Portland Mercury by Sean Clancy
Legal Weed in the Golden State Will Have Impact in Oregon
What’s happening in the California cannabis scene? And why should we care in Oregon?
There are literal tons of cannabis-related activities in our neighboring state of California, and Oregonians should care because California is both influential and flipping enormous.
California is the most populated US state. And with a GDP exceeding $2.4 trillion, the Golden State has the sixth largest economy in the world—greater than the entire country of France!
As much as bitter Oregonians might hate to admit it, California is a global trendsetter in many ways, including culture, politics, technology, real estate, methods of highlighting your hair—and cannabis. If you’re interested in cannabis, you should keep an eye on what happens in California.
On Election Day 2016, in addition to other extraordinary phenomena, California voters approved Proposition 64, paving the way for legal adult use (AKA “recreational”) cannabis. Since then, California regulators have been working hard, having meetings, handling email, and drafting rules so they can begin issuing cannabis business licenses by January 1, 2018, as required by Proposition 64.
Before Prop 64, California cannabis law was mainly a conglomeration of case law and the Medical Cannabis Regulation and Safety Act (MCRSA), which formalized a comprehensive system for medical cannabis. Prop 64 moves the state further towards a unified cannabis system. Under it, California cannabis will be regulated by an alphabet soup of state agencies, with one primary licensing agency. The list includes the Bureau of Medical Cannabis Regulation (renamed the Bureau of Marijuana Control), the Department of Food and Agriculture, the Department of Public Health, and the Department of Consumer Affairs.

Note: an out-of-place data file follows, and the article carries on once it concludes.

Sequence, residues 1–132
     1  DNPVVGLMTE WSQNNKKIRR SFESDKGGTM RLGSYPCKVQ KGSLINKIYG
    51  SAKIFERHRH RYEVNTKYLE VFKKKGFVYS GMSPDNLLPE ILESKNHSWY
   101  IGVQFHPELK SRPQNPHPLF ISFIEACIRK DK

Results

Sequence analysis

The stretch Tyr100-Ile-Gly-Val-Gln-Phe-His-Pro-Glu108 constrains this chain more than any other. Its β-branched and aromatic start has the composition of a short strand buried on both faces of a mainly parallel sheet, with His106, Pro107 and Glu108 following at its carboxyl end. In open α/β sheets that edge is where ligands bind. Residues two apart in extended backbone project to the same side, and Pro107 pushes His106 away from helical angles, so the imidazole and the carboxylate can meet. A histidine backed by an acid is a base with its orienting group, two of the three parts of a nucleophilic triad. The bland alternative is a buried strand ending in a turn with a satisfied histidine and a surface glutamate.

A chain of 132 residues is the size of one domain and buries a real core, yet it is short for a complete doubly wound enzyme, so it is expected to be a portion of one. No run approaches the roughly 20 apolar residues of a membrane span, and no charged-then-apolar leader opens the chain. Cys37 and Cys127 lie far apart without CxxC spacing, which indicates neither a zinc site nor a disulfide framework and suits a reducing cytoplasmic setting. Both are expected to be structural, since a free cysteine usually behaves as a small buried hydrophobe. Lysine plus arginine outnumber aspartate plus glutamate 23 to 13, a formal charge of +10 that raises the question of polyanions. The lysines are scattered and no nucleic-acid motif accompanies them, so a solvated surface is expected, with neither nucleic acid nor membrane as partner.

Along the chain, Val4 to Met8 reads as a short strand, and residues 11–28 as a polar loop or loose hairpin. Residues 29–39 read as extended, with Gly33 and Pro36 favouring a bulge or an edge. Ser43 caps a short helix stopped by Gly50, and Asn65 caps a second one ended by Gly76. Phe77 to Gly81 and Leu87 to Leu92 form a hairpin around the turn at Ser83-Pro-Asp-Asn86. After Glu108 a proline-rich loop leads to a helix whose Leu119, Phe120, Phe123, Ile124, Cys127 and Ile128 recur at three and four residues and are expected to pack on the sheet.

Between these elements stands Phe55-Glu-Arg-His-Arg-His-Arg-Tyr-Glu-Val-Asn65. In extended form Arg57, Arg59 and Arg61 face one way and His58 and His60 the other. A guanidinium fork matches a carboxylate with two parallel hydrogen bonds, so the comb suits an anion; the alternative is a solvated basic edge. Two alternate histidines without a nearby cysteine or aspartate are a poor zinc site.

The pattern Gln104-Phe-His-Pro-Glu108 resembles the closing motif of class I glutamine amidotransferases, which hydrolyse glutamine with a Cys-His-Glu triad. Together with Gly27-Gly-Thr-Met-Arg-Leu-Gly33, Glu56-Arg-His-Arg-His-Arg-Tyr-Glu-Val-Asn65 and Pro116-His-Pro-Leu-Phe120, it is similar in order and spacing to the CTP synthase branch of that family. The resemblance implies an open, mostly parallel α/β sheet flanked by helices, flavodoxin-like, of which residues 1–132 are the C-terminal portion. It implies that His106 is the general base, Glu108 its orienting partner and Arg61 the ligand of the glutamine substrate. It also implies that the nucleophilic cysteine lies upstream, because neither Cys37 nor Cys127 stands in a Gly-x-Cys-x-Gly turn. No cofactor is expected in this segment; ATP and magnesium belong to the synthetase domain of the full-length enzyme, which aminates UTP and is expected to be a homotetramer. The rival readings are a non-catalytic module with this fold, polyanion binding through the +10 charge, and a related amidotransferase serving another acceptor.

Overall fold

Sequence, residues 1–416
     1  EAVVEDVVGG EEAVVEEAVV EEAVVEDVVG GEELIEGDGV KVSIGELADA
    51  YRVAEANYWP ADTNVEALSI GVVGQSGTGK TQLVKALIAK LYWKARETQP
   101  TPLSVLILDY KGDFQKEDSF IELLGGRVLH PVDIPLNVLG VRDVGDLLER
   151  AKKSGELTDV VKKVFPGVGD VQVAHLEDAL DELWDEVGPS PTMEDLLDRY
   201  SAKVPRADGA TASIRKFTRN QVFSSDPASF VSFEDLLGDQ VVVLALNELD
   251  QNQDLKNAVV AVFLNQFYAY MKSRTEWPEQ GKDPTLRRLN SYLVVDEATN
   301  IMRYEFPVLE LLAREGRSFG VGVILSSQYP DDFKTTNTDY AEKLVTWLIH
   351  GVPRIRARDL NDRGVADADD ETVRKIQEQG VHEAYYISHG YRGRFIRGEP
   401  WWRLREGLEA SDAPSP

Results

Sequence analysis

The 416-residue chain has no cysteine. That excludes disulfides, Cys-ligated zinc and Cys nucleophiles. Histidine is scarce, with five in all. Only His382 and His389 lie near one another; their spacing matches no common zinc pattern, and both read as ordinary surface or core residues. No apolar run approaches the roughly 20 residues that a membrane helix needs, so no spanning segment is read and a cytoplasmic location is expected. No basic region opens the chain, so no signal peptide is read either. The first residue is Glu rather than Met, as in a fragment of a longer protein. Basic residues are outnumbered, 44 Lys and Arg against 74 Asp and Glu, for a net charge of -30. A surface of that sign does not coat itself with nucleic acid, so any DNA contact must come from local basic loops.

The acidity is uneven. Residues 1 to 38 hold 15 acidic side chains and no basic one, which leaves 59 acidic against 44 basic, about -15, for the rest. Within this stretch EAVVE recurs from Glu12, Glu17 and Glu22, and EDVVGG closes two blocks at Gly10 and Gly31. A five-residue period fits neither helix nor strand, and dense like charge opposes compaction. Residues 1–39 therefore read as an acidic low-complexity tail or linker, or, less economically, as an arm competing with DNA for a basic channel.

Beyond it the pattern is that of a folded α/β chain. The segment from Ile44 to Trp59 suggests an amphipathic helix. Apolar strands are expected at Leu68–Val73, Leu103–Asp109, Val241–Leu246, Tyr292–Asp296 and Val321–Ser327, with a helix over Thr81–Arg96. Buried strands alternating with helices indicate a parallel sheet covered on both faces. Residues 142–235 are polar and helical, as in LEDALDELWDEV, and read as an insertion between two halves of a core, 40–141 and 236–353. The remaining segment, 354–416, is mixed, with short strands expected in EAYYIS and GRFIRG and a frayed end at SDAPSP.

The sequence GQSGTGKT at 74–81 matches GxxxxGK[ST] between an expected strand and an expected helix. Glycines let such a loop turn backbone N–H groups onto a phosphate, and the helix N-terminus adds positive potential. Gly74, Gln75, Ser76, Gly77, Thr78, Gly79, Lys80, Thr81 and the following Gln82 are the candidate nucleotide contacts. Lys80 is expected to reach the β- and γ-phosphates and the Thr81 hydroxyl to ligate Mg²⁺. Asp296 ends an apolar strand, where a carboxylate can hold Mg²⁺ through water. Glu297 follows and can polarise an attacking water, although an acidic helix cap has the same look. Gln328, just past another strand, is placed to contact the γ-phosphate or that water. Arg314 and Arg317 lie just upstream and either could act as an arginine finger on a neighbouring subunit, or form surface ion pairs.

Lori Ajax, the “pot czar” in charge of California’s Bureau of Marijuana Control, has been traveling the state to educate the sprawling, semi-regulated medical cannabis industry, and to seek their input on the new system. Ajax is obviously aware that the feds are watching very closely, but she says California plans to proceed with a recreational program based upon the same 2013 US Department of Justice memo under which Oregon and other states kickstarted their recreational programs.
Although it’s structured somewhat differently, California’s plan shows striking similarities to Oregon’s: They have overlapping agencies, tremendous discretion at the local government level, and political movement towards a single regulatory scheme (rather than separate schemes for medical and recreational).
If I had to guess I’d say that, similar to Oregon, local government regulations and politics will play a huge part in California’s recreational cannabis rollout. Less liberal counties will create roadblocks; more liberal counties will allow cannabis but create special, localized permitting and land use hoops to jump through. I also predict that the overlapping regulatory regimes will make things tricky for both entrepreneurs and regulators in their new industry.
Many challenges remain ahead for California cannabis, even if you ignore the specter of federal enforcement. But given the size of its existing industry and the size of its citizenry’s appetite for cannabis, California will start to impact Oregon. Oregon got a head start in this brave new industry, but growth and change are happening exponentially. The Californians will be catching up quickly.